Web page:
Sunday, October 26, 2014

La farfalla cavalaia (cabbage butterfly)

I'm still just messing around with some off-cuts of dead wood from the fields.
I have one of the olive branches from several posts ago that was dry enough to work on my engraving. I'm still learning how to hold the tool properly and getting a feel for how the different tools create varying lines--but mostly I'm learning how to control the tool held almost horizontally to the wood surface instead of almost vertically as with the hangi-toh that I use during the moku hanga carving I do.

This was based on a simple doodle of the cabbage butterfly. The drawing was bigger and more decorative so for this small round I just sketched out the butterfly and a flowering twig.
The olive was harder to carve than the boxwood from my cardinal creeper print and my rough handling shows.
hosokawa Japanese washi, printed with a baren

I couldn't find any relief ink--Rigacci--THE local art store has "stopped carrying it" so all I had was a tube of Charbonnel etching ink. It was too soft to properly roll out and it didn't print well. It was too soft so filled the lines and then wasn't tacky enough to hold the dampened paper down and a bunch shifted as I was printing and had to be thrown. I had 4-5 mediocre prints of which this was one of the best....(and it is still poorly printed--too much ink and poor impression to the margins). Another, on Italian etching paper, didn't want to sit still and I ended up printing with too little pressure for fear of it shifting.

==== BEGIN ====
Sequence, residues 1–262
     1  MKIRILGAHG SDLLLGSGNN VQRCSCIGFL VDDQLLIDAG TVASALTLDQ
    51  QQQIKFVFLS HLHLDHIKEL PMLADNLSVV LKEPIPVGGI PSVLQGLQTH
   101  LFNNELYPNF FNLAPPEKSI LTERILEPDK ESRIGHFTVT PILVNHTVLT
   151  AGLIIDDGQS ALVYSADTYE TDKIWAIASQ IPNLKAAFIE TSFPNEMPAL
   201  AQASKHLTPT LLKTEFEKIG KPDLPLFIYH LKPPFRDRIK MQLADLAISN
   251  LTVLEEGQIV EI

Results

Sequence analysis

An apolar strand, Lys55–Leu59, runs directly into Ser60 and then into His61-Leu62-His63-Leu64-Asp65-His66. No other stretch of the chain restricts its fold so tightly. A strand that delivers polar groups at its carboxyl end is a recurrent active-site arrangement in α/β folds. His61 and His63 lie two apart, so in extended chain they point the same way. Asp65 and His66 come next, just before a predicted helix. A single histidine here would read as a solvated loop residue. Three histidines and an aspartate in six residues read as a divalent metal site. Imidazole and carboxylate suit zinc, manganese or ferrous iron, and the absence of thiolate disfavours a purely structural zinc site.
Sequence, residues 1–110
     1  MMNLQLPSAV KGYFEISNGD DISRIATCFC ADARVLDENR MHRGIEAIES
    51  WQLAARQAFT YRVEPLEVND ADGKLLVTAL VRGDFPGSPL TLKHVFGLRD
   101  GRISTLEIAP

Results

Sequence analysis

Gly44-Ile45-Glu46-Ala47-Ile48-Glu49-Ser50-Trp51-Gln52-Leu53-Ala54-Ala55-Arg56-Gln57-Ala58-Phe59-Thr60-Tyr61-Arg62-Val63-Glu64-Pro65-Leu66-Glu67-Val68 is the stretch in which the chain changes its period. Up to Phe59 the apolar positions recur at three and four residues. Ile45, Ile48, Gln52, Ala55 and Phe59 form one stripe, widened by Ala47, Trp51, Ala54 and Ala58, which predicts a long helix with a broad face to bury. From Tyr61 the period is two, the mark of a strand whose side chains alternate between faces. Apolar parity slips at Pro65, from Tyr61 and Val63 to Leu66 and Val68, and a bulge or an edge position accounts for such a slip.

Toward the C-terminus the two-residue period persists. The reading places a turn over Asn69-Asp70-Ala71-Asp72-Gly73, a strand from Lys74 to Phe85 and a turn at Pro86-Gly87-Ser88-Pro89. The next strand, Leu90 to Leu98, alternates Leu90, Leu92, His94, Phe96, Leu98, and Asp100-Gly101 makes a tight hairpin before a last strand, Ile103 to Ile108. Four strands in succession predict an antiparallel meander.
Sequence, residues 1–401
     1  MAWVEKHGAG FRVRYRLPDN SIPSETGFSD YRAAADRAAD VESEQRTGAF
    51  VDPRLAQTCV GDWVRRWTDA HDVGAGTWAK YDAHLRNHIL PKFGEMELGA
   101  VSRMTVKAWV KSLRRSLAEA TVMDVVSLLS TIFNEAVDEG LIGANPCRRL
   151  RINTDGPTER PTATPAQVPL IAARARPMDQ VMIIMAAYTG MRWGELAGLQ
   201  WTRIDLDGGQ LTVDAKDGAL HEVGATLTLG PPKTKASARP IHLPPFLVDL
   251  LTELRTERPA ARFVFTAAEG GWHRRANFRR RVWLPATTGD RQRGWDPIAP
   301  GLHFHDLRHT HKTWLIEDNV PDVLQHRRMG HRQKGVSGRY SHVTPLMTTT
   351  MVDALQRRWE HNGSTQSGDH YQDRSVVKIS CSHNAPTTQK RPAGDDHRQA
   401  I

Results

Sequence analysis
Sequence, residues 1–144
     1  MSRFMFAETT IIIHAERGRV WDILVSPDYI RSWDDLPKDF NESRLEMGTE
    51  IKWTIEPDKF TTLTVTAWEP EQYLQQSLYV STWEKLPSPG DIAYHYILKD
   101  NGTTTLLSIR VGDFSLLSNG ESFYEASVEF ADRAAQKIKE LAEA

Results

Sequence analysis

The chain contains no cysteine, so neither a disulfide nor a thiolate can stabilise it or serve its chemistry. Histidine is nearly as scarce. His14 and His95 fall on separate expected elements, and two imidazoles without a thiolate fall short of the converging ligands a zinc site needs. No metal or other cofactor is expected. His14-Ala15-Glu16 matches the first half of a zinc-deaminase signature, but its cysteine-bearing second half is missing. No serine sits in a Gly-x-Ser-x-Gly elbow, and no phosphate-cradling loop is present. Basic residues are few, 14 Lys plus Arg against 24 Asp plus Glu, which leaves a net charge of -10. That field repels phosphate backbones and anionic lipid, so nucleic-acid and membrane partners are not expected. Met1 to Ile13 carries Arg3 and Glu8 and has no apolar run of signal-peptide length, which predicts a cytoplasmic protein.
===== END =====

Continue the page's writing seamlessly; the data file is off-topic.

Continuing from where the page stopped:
This is on Magnani etching paper...too weak an impression with the baren.

With a little watercolor, a touch of pen and ink for the weak spots and gaps
it made a nice little birthday card for my mother-in-law who turned 89 yesterday.

Now to find some relief ink! I'll try and print a couple more of these just for fun.....
I've been hesitant to break out the good wood, but it's time to try something a little better and bigger....but I have a few moku hanga projects first so stay tuned (if  you were ever tuned.....).


  1. It has life and is a step on a journey. Don't neglect the good wood too long - you may be surprised at its response to a (sharp) graver.

    1. Thanks Andy. Yes it's lively....and that still comes across-esp. in the black and white version. I remember when my watercolor teacher said to only paint on good paper...he said if you learn how to paint on bad paper you'll have to relearn everything because everything changes with good paper. I suspect it's the same with engraving on better wood.